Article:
The LWF Blog
Fire Safety for Facilities Management Personnel – How Fire Works – Part 57August 3, 2020 1:06 pm
Lawrence Webster Forrest (LWF) is a specialist fire engineering and fire risk management consultancy whose aim is to give information on best practice in fire safety for facilities management personnel through this blog series. In part 56, LWF looked at the combustion of solid materials and in part 57, we continue by discussing the combustion of flammable liquids.
Flammable liquids vary considerably in terms of their combustibility. Consider olive oil and cooking oil, both of which would require the application of a lot of heat in order to ignite. In this way, they act more similarly to solids. These oils are combustible but relatively stable and do not pose a greater fire risk than the presence of a combustible solid. It should be noted that cooking oils can be ignited more easily if they are absorbed into a wick and lit in a way that is comparable to a candle being lit with a match.
White spirit and paraffin would need much less heat applying before they released enough vapour to combust. Liquids such as these should be considered flammable and this is usually indicated on the containers they are kept in. Flammable liquids pose a greater hazard than combustible liquids.
Petrol and ether produce enough vapour even at normal room temperature to be ignited by a spark. These liquids are particularly hazardous and special precautions must be taken to ensure the vapour produced is not exposed to a form of ignition. Fairly obviously, this is why smoking is not allowed in petrol stations.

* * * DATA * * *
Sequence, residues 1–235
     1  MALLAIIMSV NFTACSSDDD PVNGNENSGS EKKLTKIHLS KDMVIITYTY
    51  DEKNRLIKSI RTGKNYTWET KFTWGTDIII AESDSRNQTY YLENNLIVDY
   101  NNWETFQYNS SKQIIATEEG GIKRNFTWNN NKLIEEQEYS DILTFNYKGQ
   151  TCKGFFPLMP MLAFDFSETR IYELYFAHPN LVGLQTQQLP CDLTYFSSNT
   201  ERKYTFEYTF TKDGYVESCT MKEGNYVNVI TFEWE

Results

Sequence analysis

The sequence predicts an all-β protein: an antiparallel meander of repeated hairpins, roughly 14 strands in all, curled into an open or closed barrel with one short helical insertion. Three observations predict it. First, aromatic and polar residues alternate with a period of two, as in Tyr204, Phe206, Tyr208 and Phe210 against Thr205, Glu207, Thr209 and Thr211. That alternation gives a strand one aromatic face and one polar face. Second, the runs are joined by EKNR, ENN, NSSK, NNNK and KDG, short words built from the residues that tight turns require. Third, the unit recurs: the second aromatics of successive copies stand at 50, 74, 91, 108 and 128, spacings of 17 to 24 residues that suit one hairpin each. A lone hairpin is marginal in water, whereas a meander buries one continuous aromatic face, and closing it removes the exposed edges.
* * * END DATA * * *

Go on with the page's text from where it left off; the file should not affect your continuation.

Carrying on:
A way to measure how hazardous a flammable liquid might be is to establish its ‘flashpoint’. The flashpoint is the minimum temperature during a test that the liquid gives off sufficient vapour to ignite. The higher the flashpoint, the less hazardous it is.
The flashpoint of many cooking oils exceeds 200 ºC. The flashpoint of petrol is around -43 ºC. Most other flammable liquids will fall between those two levels.
The flashpoint of a flammable liquid is usually marked on its container. The Classification, Labelling and Packaging of Chemicals (Amendments to Secondary Legislation) Regulations 2015, known as the CLP Regulations, (PDF), gives information on how hazards should be indicated on packaging.
It is important that any flammable liquids are stored correctly and ventilation appropriately and quantities used in the workplace must be limited.
In part 58, LWF will continue looking at flammable liquids. In the meantime, if you have any queries about your own facilities or wish to discuss this blog series, please contact LWF on freephone 0800 410 1130.
Lawrence Webster Forrest is a fire engineering consultancy based in Surrey with over 25 years’ experience, which provides a wide range of consultancy services to professionals involved in the design, development and construction and operation of buildings.
While care has been taken to ensure that information contained in LWF’s publications is true and correct at the time of publication, changes in circumstances after the time of publication may impact on the accuracy of this information.